By Gráinne Ní Aodha, PA
The Government has officially approved plans to ease restrictions on pay and bonuses for staff at three banks bailed out by the Irish State.
Rules on bonuses of up to €20,000 and around other workers’ benefits at three banks – Bank of Ireland, AIB and Permanent TSB – are to be relaxed after ministers approved the measure brought to Cabinet by Paschal Donohoe.
Salary pay caps of €500,000 at Bank of Ireland are also to be removed based on the findings of a report into banking in Ireland.
This is one of the final measures to be brought by Mr Donohoe in his role as Minister for Finance, before a mid-December reshuffle.
Speaking to reporters on Tuesday, Mr Donohoe acknowledged the optics of the move, and said that it was being taken based on recruitment and retention issues at the three banks.
The Retail Banking Review had recommended the rules be loosened as competition for workers in the Irish banking sector has increased.
“Since the crash, Allied Irish Bank, Bank of Ireland and PTSB have quite rightly been subject to pay restrictions,” he said.
“However, the reality that I have to acknowledge, it starts with the passage of time and with developments in the banking sector, things are really changing.
“There is now a really strong competition for workers for our banks, both here in Ireland in our domestic banking sector and also in the international financial services sector.
“Meanwhile, the restrictions that are currently in place are causing challenges with staff recruitment and retention,” he said.
He said that this was particularly acute in risk, IT, cybersecurity and key legal areas.
Acknowledging that this was “a very difficult issue”, Mr Donohoe said the review “considered that the restriction should be amended”.
“A ban on variable pay up to €20,000 should be removed, and standard non-pay benefits should be allowed in all three banks.
“With regard to the pay cap of €500,000 and solely in relation to Bank of Ireland, the maximum pay cap should be removed.”
The move is to take effect within a number of weeks, Mr Donohoe added.
“It is critical to acknowledge that the state is no longer a shareholder in Bank of Ireland, having now recovered more in cash terms than the state bought into it.
“With regard to AIB and PTSB, the pay cap could then be considered in the future at a time when the state shareholding in them is at an appropriate level.”
He said that assessing this appropriate level was a matter for future governments.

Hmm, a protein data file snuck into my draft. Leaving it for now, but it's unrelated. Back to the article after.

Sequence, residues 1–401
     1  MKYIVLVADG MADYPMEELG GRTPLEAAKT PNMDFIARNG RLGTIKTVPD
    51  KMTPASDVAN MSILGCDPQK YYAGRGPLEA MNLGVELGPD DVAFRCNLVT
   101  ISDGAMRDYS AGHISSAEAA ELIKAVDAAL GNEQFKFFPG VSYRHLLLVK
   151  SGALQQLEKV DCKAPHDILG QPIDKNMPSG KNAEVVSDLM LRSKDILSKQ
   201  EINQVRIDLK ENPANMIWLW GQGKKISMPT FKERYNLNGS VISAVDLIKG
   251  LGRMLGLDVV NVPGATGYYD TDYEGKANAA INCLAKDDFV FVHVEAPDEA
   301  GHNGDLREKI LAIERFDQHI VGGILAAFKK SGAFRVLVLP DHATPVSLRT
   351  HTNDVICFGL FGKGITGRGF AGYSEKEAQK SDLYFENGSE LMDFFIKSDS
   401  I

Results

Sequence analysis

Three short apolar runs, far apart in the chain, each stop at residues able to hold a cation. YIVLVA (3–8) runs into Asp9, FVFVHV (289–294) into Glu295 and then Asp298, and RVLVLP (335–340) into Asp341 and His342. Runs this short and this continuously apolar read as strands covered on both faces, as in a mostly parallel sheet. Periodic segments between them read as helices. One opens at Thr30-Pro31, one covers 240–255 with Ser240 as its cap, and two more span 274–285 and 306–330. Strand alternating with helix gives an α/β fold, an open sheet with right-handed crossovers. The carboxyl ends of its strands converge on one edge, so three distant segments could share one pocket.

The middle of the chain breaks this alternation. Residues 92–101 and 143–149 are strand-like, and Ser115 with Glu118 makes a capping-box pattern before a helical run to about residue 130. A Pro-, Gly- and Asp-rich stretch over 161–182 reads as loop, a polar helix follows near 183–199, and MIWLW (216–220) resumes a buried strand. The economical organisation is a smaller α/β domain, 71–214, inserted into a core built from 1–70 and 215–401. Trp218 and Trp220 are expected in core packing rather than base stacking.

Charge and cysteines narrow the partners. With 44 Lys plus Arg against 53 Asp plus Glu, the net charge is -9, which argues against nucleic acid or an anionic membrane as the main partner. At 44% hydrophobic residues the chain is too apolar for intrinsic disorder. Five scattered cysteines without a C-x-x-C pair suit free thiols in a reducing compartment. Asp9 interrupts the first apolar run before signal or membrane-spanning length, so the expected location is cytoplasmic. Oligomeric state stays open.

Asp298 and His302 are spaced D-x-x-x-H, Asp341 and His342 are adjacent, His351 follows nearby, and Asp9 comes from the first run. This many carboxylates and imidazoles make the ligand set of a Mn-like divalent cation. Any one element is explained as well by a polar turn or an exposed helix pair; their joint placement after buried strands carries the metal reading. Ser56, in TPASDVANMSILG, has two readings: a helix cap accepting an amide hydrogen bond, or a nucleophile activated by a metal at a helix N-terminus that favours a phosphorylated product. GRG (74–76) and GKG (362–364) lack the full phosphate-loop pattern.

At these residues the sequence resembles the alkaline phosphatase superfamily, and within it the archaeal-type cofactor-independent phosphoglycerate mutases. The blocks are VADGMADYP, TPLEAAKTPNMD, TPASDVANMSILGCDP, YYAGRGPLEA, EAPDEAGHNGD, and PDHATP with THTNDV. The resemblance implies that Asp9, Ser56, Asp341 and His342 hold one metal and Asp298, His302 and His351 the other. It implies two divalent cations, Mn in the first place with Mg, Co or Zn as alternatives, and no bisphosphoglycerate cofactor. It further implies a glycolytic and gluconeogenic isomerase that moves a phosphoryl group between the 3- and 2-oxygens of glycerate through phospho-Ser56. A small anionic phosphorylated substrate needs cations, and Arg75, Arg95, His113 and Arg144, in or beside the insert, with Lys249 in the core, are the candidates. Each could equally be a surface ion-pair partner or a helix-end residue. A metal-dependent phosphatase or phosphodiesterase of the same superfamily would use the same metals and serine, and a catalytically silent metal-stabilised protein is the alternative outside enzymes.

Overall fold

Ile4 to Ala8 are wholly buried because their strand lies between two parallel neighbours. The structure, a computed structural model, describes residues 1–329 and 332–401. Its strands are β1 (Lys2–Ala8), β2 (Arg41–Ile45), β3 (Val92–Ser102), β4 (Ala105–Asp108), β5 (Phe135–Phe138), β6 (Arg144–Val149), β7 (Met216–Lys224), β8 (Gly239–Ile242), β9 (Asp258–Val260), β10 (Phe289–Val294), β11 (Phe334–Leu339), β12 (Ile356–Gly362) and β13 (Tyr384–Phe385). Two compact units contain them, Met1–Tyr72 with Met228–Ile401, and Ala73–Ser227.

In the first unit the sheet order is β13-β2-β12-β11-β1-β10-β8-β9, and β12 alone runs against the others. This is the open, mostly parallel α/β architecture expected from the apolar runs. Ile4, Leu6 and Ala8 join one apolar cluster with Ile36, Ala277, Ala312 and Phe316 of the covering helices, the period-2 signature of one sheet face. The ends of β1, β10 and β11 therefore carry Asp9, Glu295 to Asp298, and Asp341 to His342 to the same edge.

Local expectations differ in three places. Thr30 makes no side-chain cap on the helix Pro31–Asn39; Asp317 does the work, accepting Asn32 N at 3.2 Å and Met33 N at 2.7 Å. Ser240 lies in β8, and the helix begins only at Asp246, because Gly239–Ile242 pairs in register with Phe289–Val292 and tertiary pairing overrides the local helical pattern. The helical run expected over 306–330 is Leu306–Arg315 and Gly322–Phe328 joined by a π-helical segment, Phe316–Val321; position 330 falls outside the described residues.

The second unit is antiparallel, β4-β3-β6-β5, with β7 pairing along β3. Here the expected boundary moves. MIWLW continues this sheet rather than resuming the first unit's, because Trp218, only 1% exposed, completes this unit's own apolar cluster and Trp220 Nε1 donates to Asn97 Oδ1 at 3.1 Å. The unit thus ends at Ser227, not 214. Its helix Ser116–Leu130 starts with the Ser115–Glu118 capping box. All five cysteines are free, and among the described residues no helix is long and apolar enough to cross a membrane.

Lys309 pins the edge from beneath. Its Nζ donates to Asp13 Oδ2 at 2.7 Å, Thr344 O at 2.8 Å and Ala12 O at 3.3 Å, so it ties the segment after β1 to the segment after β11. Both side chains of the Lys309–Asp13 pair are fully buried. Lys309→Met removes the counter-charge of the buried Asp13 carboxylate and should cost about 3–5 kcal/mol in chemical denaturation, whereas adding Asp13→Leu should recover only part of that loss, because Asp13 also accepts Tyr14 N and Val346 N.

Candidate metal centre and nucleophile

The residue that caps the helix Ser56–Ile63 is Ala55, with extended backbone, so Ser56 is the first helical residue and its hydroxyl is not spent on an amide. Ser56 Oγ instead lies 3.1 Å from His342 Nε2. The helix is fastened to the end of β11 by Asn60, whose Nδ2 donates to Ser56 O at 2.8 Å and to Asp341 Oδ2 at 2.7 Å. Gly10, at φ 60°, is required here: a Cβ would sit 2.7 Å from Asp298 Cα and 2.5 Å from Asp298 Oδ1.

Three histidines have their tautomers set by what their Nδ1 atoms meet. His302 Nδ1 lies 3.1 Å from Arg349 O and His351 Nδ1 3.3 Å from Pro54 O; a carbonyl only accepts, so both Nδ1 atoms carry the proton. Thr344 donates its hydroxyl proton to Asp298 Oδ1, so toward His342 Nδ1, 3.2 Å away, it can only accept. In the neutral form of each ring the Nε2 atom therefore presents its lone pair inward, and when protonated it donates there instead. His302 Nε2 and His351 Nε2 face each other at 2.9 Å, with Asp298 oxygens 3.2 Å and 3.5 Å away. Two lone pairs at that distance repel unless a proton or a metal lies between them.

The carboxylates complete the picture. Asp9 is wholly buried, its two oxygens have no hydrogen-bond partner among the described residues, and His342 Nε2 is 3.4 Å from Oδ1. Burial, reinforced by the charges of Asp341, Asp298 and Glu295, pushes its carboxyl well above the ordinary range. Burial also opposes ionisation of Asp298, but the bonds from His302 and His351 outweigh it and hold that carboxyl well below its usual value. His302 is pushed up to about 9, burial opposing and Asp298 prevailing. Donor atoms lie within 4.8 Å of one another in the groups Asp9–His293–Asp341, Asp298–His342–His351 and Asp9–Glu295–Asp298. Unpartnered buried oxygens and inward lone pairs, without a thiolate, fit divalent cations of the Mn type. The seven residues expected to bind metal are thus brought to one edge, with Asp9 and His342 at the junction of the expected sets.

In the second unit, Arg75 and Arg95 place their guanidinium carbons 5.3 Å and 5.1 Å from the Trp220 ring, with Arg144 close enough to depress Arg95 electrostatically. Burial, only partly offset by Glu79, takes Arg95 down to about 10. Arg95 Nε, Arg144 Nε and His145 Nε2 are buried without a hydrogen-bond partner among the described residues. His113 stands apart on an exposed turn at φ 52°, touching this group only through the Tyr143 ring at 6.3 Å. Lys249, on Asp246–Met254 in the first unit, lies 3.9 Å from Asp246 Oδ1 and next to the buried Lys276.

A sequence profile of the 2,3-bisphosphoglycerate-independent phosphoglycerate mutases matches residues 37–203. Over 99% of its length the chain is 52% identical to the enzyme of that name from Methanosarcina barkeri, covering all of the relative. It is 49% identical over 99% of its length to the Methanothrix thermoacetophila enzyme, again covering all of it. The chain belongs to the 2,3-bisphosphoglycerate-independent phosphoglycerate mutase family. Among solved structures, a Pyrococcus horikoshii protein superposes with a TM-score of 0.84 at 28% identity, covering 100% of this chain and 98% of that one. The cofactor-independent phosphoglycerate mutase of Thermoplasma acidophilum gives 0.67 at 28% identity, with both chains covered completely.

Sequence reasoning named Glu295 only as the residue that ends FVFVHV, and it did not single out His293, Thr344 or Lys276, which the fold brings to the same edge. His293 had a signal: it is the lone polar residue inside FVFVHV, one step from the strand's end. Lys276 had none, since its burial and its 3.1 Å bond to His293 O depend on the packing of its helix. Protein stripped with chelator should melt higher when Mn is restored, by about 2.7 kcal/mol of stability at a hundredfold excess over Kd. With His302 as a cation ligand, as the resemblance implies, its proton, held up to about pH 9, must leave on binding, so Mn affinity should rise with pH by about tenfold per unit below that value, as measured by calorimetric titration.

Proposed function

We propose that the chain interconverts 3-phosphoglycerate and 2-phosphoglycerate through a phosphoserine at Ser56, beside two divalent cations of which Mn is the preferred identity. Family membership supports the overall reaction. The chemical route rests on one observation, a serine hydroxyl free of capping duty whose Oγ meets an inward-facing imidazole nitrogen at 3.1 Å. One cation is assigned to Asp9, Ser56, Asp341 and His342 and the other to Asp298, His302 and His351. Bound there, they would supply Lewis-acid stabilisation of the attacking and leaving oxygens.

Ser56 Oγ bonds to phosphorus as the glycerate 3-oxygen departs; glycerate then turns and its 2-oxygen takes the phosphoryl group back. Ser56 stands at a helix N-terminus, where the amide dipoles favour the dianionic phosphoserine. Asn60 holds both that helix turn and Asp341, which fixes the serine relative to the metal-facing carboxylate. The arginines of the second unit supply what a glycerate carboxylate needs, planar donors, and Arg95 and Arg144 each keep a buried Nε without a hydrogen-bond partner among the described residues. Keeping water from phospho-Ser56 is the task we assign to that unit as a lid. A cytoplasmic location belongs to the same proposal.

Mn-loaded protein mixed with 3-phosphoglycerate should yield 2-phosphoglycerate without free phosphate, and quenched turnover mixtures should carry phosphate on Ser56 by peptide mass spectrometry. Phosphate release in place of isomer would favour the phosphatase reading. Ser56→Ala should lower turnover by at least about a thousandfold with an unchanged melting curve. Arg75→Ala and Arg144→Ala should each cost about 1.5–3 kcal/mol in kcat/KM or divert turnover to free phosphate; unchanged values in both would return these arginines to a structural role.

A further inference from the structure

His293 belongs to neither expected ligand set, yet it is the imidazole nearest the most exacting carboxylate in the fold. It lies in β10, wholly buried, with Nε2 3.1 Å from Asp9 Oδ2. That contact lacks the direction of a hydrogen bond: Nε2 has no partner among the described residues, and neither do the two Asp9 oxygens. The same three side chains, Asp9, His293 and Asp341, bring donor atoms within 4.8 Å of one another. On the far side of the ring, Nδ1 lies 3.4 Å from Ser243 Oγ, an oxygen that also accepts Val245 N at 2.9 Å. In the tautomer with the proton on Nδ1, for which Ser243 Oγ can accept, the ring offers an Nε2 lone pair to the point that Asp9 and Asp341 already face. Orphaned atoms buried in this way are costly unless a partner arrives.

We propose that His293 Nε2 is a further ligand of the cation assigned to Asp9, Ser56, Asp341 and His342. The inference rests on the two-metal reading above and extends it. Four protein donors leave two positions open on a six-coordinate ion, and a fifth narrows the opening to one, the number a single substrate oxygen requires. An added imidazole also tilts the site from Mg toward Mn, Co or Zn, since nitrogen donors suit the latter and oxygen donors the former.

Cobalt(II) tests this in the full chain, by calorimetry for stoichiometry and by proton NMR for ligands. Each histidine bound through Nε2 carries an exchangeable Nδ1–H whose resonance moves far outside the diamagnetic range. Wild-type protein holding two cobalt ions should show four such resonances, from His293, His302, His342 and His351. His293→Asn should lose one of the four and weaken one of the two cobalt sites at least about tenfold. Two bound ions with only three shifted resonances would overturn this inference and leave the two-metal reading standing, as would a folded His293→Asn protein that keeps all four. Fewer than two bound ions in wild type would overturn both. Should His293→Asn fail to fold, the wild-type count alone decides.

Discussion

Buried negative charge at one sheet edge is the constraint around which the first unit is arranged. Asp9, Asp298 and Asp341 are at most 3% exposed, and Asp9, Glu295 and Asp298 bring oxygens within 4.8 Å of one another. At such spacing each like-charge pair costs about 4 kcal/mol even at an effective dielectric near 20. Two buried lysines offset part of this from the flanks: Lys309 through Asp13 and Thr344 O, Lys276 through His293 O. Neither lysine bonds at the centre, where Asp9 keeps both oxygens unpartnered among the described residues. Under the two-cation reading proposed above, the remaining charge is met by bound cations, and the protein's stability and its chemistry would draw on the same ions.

Mr Donohoe added: “It is no longer appropriate that we determine the salary of anybody working in a bank that the State no longer holds a share in.
“I absolutely understand the sensitivity of the decision that I’ve asked government to make today.
“And I understand that for many that have been affected in such a negative way by developments that have taken place in our banks over many years, this recommendation, the decision to allow for variable pay up to 20,000 euro will be a cause of concern. I understand that.”
He said that the three banks employ around 20,000 people in the Irish economy and are responsible for over 220 billion euro worth of deposits.
“I want good people working in those banks that can look after our money, that can grow those banks in the year ahead and ensure they make a more powerful contribution to the Irish economy.”
He said analysis shows that employees are leaving banks in order to earn bonuses elsewhere, and that the decision was being taken to keep Irish banks competitive.
Mr Donohoe said a third of people who leave the three banks cite pay as an issue, and between 40 and 45 per cent go to other employers who can pay bonuses.
On Ulster Bank and KBC’s exit from the Irish market, Mr Donohoe said the review also found that it was unlikely that there would be new entrants into the sector, but said credit unions and digital banks do offer some similar services.
“The review believes that credit unions should be given the opportunity to provide increased competition at scale and on a universal basis,” Mr Donohoe said.
“With regard to competition overall, the review concludes that there is currently a reasonable level of competition in most areas, although there are only a limited numbers of entities offering overdraft and saving products.
“The critical point is that the level of competition must be monitored and action must be taken if warranted in the future,” he said.